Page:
Is Spell Check Creating a Generation of Dummies? (page 2)
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In a world where almost everything is automated, there's a heightened concern that kids aren't mastering the fundamental principles behind the way things work—from levers to locks to the written language.
Since the first spell checker appeared on personal computers in 1980, the tool has caught uncounted misspellings and common usage errors. But, language experts say we've grown so accustomed to our trusty spell check button, that we are using it less like a helpful reminder of the grammar rules, and more like a crutch.
And that's not good, because in addition to fixing our mistakes, spelling and grammar checkers point out words and sentences that are not incorrect, and fail to correct other, more contextual errors, like the difference between “bore” and “boar”.
The problem is even more dramatic for kids, who are still learning about the written word and often rush through the editing process. Dennis Galletta, PhD, professor of information systems at the Katz Business School, says he thanks his lucky stars that he has the verbal abilities to know that the sentence, “Whose that knocking at my door?” needs editing, even if there are no squiggly lines underneath it. Galletta and a team of doctorate students at the University of Pittsburgh conducted a study showing that people with differing levels of language skills are relying too heavily on spell check—to their detriment.
Galletta asked 33 undergraduates to proofread a one-page business letter—half with the spell check on, and half with it off. The letter included the sentence, “Michael Bales would be the best candidate. Bales has proven himself in similar rolls." The software detected the “s” in “Bales” and suggested conjugating the word as if it were plural, from “has” to “have.” And, just when the spell check overreacts in one area, it totally ignores another: failing to correct "rolls," which should be "roles." The students in the experiment were supposed to catch such mistakes.
With spell check off, students with high verbal SAT scores made an average of five auditing errors and students with lower SAT scores made an average of 12.3 errors. With the spell check on, high-scoring SAT students made an average of 16 errors, and low-scoring students made 17.
Galletta's results were significant, especially when you consider that the experiment was meant to show that spell checkers were more effective for those with high verbal abilities. Instead, their results showed that both groups were worse with the spell checker on.
So, how did we get so reliant on the spell check? Galletta says it's kind of like gambling: “Sometimes you hit the jackpot and most of the times you don't.” A gambler's fallacy is the idea that everyone thinks they're luckier than the average Joe, and Galletta says that's how it works in the mind of the person behind the spell check button. “They trust the computer, and mixed in with laziness, they get a tendency to overlook the final check process where they read their own writing,” he says. “When they know there's no spell checker, they seem to be more careful.” Just like gamblers shouldn't rely on their next big win to pay the rent, neither should our kids rely on the spell check to edit their term paper.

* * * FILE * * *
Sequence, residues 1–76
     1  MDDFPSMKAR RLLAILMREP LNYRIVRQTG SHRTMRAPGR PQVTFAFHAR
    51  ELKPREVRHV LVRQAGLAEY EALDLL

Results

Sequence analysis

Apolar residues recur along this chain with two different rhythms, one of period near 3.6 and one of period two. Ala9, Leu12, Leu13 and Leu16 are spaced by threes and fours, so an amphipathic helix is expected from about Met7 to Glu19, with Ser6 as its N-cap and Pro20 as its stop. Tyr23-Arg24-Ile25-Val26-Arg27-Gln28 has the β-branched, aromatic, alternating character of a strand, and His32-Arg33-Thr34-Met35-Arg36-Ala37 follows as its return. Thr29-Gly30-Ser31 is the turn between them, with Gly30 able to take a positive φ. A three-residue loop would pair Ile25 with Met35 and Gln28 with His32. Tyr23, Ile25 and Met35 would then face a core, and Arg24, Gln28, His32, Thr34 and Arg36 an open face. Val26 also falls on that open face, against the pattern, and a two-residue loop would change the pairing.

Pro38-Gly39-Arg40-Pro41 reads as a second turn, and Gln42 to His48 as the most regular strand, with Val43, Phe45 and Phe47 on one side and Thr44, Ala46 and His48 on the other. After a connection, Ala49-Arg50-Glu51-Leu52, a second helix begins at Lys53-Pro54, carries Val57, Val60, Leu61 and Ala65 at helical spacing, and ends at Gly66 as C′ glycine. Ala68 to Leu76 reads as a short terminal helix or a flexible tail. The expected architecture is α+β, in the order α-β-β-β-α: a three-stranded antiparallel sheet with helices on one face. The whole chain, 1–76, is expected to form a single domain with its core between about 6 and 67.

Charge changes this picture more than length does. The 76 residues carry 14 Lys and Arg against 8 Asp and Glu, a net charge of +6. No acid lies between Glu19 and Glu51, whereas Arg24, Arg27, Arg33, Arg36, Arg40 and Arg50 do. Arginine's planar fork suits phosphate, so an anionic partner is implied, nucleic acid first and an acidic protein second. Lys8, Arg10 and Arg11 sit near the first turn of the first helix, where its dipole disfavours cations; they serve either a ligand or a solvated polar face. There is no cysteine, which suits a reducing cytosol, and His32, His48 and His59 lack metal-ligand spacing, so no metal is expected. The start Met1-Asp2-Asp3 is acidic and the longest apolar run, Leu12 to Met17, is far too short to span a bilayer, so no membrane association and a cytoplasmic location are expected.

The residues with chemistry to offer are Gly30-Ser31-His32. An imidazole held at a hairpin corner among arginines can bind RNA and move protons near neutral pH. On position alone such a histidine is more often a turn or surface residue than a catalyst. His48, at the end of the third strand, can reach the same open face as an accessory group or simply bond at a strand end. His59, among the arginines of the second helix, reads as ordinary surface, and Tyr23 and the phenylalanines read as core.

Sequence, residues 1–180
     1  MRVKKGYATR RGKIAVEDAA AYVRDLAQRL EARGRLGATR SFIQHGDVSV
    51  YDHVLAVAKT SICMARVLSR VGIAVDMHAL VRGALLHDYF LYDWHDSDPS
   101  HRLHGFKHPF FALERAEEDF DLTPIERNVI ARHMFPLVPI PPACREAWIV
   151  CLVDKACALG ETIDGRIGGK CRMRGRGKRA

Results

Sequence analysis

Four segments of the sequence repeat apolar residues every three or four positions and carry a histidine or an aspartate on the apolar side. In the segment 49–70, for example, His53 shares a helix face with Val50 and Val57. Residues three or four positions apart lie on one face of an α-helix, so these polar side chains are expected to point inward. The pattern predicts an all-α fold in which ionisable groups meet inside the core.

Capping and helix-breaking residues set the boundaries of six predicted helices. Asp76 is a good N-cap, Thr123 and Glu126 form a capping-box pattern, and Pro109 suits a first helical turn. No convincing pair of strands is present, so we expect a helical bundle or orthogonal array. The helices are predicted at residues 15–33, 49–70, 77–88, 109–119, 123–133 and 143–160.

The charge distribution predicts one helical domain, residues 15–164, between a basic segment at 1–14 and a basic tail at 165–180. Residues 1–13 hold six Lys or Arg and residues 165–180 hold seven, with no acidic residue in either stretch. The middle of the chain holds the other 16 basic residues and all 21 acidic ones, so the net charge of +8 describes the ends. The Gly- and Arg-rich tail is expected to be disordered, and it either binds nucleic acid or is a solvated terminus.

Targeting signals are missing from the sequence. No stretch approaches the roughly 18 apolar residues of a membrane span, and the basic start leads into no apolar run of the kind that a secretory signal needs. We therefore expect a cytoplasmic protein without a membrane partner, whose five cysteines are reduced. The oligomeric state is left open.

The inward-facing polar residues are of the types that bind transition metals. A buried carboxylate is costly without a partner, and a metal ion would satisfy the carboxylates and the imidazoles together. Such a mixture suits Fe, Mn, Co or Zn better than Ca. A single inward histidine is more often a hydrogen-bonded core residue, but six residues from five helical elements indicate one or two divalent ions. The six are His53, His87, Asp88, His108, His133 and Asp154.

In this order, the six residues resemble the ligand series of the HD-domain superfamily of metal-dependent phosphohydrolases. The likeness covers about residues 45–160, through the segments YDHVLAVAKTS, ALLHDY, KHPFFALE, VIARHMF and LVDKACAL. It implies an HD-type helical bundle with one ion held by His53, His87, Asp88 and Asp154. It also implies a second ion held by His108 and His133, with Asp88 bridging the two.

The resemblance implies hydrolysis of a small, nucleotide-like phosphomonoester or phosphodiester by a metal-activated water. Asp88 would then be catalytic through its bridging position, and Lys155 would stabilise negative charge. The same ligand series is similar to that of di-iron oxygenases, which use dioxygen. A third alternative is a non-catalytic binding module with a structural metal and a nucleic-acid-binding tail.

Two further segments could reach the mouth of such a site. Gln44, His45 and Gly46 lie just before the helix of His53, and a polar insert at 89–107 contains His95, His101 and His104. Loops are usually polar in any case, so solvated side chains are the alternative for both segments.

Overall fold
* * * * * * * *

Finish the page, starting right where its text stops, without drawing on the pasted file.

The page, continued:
Galletta says the point of all this isn't to disable spell checks, but to make sure kids know how to use that little “ABC” button responsibly. He says parents must explain to their children that the onus is on them to edit their work, with maybe a little bit of help from the trusty spell check.
Roy Peter Clark, PhD, is Vice President of Poynter Institute, a school for journalists, and author of Writing Tools: 50 Essential Strategies for Every Writer. He agrees with Galletta, saying that the root of the problem isn't spell check, it's a lack of three basic behaviors: reading, writing and talking about how language works. “The more of that there is, the more literate the student will become. The less there is, the greater the temptation to rely upon a crutch which will not always be your friend,” he says.
Clark suggests that parents encourage their kids to use low technology solutions on occasion, such as writing by hand in a spiral notebook, “as a way of creating versatility to master many different expressions of your craft.” He also recommends printing out documents off of which to edit before even thinking about pressing “spell check.” Most important, says Clark, is to point out the imperfections of the spell check. If the red and green squiggles make your child's essay look like a Christmas tree, play the “are you smarter than the computer?” game. Ask your child to identity where the computer failed to catch a mistake in his paper, or alerted him to a mistake that didn't exist.
Though the technology has improved significantly since 1980, with spelling and grammar checkers learning how to sort out the context of words, it still isn't as good as the human eye. And it never will be. Now, doesn't that feel good?
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